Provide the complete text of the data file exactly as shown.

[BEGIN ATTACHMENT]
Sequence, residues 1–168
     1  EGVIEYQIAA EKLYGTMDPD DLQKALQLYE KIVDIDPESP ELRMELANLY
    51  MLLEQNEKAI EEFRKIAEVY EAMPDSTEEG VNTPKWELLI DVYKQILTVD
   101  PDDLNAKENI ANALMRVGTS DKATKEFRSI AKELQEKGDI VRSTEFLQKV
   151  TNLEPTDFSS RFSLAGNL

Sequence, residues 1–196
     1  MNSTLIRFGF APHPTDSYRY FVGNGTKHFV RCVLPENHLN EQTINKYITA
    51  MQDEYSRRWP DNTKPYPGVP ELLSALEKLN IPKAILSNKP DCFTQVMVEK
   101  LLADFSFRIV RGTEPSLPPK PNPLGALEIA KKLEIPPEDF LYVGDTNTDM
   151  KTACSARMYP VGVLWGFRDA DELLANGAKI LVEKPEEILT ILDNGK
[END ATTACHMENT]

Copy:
Sequence, residues 1–168
     1  EGVIEYQIAA EKLYGTMDPD DLQKALQLYE KIVDIDPESP ELRMELANLY
    51  MLLEQNEKAI EEFRKIAEVY EAMPDSTEEG VNTPKWELLI DVYKQILTVD
   101  PDDLNAKENI ANALMRVGTS DKATKEFRSI AKELQEKGDI VRSTEFLQKV
   151  TNLEPTDFSS RFSLAGNL

Sequence, residues 1–196
     1  MNSTLIRFGF APHPTDSYRY FVGNGTKHFV RCVLPENHLN EQTINKYITA
    51  MQDEYSRRWP DNTKPYPGVP ELLSALEKLN IPKAILSNKP DCFTQVMVEK
   101  LLADFSFRIV RGTEPSLPPK PNPLGALEIA KKLEIPPEDF LYVGDTNTDM
   151  KTACSARMYP VGVLWGFRDA DELLANGAKI LVEKPEEILT ILDNGK